7. Is the best ending version with Deckard as Human and Roy as replicant?

8. Is it possible that Deckard does not know he is a replicant?

9. What is the significance of the unicorn scene and does this signify that in fact this memory was implanted into Deckard’s mind making him a replicant?

10. Was the glow from Deckard’s eye just a lighting accident during filming or this also another sign that Deckard is in fact a replicant?

11. Do you have any other comments or thoughts on blade runner?

#86 Posted by reganstar93 (4 posts) -

This is also a questionnaire I designed for my research task, could you perhaps help by completing this. Many thanks.

Questionnaire on themes in Blade Runner

1. What are your thoughts on Blade runner and do you like it?

2. Is blade runner morally sound in depicting the influence and power of large corporations, the omnipresence of the police and the control of humans by biomedical systems?

3. What are the consequences of the replicants and their implanted memories?

4. Is blade runner immoral in depicting the planet as dystopian and presenting the human race as selfish, unlike the replicants who work collectively, is it acceptable that the film asks us to reassess what it means to be human?

5. What are the negative impacts of humans mastering genetic engineering and can humans and robots live together co-operatively?

6. What are the implications of technology on the environment and does Blade runner reinforce a negative view of society when watched?

7. Blade runner raises many questions about the human condition, for example can you describe to me your definition of what reality is?

8. What does it mean to be human and has any themes from blade runner resonated within you?

9. The interpretation that Deckard is a replicant is challenged by some fans who believe the unicorn imagery shows that the characters, whether human or replicant, share the same dreams and recognize their affinity or that the absence of a decisive answer is crucial to the film's main theme. Do you feel that The inherent ambiguity and uncertainty of the film, as well as its textual richness, permit fans from knowing the true meaning of the film?

10. What do you feel are the strengths of Blade runner?

11. What do you feel are the weaknesses and flaws in Blade runner?

12. If you have any other information which you would like to add then that would be kindly appreciated.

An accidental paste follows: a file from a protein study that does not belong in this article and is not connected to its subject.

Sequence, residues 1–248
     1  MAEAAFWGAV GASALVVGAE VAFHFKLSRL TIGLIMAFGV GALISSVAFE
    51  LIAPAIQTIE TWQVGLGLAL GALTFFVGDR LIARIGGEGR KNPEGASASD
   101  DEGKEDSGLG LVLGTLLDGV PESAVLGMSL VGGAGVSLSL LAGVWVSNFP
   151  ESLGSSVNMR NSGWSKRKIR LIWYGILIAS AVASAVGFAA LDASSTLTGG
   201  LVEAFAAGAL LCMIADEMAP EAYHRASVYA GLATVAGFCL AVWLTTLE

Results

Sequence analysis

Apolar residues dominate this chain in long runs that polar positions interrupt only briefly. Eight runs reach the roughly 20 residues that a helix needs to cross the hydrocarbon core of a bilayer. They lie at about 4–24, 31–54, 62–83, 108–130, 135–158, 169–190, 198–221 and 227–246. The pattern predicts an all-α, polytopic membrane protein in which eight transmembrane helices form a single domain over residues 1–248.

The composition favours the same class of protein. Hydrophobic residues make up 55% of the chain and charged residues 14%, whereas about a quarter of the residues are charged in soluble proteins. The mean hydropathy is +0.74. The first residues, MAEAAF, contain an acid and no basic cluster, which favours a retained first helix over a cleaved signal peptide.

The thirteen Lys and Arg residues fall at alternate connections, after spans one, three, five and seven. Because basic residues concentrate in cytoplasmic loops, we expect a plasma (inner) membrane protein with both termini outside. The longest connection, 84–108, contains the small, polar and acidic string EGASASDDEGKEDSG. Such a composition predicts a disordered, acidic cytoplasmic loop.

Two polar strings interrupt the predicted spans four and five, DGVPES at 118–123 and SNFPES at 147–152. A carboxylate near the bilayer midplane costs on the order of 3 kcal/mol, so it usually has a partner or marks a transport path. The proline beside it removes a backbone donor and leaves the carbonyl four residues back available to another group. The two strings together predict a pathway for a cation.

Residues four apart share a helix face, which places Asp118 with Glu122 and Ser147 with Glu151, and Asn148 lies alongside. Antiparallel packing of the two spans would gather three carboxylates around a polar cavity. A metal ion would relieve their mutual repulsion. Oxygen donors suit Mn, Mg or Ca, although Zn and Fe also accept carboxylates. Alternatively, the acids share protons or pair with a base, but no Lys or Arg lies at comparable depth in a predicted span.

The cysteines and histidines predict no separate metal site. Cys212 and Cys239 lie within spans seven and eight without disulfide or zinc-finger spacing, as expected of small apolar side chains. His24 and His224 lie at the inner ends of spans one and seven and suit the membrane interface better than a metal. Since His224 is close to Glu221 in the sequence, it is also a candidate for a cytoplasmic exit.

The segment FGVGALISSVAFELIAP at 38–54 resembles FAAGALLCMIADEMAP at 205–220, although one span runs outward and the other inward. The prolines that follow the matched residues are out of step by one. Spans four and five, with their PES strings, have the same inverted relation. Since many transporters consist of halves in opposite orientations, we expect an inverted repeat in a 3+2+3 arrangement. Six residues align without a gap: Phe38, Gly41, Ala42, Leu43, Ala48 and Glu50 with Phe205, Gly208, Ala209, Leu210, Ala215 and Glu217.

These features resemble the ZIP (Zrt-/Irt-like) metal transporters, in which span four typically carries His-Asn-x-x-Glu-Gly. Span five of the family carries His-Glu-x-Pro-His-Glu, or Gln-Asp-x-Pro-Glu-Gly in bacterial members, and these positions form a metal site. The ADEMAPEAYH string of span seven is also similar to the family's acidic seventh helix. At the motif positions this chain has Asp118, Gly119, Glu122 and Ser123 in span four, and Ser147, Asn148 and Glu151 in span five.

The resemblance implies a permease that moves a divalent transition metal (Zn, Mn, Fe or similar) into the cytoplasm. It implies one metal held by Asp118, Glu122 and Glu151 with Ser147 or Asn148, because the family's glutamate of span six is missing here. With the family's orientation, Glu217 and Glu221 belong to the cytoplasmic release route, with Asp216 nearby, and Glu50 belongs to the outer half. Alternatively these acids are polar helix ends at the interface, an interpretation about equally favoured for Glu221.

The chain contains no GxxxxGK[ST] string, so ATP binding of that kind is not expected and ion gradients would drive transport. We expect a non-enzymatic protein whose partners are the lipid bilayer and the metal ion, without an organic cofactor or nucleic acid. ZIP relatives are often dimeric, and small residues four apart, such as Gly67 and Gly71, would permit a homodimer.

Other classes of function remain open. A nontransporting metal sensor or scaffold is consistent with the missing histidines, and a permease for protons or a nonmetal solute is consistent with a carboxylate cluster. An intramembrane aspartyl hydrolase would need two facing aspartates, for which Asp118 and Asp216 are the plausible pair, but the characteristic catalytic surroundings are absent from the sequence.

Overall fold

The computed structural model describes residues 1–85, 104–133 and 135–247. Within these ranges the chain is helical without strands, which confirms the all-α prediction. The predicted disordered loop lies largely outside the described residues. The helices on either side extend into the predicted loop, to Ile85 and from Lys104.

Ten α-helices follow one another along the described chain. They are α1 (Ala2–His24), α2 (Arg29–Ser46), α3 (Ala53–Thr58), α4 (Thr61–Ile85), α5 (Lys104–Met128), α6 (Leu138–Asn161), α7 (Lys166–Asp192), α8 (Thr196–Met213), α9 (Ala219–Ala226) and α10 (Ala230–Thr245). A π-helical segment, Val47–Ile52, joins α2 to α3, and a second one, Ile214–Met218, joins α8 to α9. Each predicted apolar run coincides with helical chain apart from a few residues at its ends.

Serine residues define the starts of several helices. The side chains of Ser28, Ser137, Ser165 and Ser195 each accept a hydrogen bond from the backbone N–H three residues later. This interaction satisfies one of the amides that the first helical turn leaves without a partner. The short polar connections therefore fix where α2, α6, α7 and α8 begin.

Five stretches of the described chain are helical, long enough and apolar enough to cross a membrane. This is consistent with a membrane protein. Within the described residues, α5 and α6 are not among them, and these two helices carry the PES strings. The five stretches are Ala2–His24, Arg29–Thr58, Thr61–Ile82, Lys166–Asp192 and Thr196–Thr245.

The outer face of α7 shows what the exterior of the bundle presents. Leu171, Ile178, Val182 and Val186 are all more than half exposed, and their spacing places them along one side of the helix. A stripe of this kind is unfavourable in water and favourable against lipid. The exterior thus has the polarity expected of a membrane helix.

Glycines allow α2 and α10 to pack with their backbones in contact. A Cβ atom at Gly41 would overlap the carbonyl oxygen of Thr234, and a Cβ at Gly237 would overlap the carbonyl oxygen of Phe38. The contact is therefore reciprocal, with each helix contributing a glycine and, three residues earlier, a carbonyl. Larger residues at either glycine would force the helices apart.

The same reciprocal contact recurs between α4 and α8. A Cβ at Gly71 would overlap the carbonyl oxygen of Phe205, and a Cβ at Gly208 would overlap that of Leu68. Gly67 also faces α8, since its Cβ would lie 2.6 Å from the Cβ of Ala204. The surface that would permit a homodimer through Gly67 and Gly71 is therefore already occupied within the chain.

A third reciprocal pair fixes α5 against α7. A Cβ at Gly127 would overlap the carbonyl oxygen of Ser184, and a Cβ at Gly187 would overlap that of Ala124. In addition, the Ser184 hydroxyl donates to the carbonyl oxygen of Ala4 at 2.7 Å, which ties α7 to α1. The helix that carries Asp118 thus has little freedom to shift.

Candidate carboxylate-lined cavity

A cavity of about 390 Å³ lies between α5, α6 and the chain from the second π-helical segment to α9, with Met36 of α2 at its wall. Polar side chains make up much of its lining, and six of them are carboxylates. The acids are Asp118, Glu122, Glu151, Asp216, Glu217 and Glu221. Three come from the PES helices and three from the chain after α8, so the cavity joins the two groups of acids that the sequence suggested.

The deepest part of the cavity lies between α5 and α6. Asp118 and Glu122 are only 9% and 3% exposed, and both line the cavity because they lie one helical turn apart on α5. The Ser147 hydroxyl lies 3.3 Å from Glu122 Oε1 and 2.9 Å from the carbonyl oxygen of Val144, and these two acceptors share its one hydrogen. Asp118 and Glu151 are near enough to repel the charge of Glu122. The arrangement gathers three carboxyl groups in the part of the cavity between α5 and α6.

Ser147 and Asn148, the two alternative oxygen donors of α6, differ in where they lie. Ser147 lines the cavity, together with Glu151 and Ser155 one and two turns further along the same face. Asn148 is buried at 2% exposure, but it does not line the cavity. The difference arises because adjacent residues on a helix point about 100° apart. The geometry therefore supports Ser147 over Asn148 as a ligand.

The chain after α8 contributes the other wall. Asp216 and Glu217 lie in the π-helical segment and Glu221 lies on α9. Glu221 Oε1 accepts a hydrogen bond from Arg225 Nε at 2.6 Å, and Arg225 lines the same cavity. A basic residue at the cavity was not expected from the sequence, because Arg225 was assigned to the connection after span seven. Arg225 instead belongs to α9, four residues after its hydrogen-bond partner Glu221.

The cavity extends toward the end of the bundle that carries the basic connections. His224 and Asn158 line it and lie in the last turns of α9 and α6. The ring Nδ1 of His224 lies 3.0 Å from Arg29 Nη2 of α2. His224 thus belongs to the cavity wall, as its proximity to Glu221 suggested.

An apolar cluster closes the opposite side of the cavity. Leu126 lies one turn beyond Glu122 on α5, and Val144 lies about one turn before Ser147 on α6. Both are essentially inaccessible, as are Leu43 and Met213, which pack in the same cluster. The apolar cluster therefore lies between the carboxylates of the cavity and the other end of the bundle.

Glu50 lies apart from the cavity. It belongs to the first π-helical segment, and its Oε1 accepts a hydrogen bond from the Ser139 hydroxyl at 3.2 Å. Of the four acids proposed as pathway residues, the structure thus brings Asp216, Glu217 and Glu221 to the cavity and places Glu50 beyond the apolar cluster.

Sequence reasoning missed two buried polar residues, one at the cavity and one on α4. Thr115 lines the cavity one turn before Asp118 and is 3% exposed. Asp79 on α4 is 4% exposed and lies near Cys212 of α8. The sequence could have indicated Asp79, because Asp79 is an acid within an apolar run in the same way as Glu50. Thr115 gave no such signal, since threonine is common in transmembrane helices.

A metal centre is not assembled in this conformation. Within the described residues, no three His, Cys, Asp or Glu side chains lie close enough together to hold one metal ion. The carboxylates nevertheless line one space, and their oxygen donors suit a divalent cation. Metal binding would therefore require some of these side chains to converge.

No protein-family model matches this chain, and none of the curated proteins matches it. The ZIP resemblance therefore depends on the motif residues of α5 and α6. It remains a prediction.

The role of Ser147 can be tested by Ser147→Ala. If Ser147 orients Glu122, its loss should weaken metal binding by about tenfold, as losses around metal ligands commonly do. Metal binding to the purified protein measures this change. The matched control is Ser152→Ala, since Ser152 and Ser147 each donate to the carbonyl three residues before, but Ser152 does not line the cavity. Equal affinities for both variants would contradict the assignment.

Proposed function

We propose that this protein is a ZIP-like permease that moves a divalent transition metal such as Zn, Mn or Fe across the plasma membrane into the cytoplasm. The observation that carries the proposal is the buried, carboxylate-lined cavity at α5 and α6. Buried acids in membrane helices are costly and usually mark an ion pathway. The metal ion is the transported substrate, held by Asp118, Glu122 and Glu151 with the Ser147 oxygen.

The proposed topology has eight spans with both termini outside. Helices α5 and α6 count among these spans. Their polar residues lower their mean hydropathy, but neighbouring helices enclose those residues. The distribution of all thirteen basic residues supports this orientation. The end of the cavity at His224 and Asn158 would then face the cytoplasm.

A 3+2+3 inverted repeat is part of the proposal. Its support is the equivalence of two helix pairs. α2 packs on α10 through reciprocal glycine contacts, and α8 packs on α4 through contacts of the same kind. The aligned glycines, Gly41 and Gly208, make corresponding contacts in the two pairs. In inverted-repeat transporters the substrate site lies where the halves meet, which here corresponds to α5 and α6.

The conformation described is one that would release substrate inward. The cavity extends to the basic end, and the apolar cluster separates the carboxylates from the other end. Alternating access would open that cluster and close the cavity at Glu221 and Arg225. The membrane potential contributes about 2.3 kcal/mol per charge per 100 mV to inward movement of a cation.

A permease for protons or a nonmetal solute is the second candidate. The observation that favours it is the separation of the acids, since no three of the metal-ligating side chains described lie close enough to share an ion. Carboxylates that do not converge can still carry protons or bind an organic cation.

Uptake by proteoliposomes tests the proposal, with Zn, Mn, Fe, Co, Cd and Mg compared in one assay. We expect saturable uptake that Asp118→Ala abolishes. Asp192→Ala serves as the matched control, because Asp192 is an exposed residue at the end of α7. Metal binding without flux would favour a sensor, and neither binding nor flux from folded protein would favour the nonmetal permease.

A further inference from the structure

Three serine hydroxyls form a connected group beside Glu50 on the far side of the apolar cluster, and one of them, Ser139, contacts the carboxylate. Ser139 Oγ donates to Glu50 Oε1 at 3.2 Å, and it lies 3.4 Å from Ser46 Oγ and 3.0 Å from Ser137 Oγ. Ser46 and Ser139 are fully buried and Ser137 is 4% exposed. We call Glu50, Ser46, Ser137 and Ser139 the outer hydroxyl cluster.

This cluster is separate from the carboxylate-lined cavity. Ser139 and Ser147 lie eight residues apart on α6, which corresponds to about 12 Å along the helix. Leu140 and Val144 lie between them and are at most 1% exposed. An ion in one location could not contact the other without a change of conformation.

#87 Edited by Geralt (313 posts) -

Considering Scott's rationale as of late, shown prominently in "Prometheus", I wouldn't buy his comment about Deckard.

#88 Edited by HH (595 posts) -

is it really a matter of opinion? i can't remember all the telltale signs - gaff's knowledge of his dreams, the reflective eyes which you only see from other replicants/fake animals - maybe someone's mentioned them already, i haven't read the whole thread. plus isn't that what scott and ford fell out over? ford didn't like the idea. anyway, he is, whether you recognize it or not.

#89 Edited by thomasnash (528 posts) -
@mooseymcman said:

He's a human. Harrison Ford said once that when he was acting the role, he was under the impression that Deckard was a human. I don't give a crap about what Ridley Scott says. He was a human in the book, and he was a human in the movie, and no amount of stupid-ass unicorn dream sequences will change my mind.

I realise you probably didn't intend it to be the last word on the film, but I don't know how much weight any reference to how it is in the book carries because the film only really takes the facade of the novel it's based on. I feel like it's thematic concerns are pretty much entirely different. The film is pretty much entirely concerned with what constitutes a "self" and whether actual humanity is key to it and all the various metaphysical and existential questions that surround those questions. I feel like the book just isn't interested in that at all, or at least, when it is, it relegates it to a subplot which isn't at all present in the film, and even that could probably be read more as a question about problems with other minds than "humanity qua humanity" like the film is.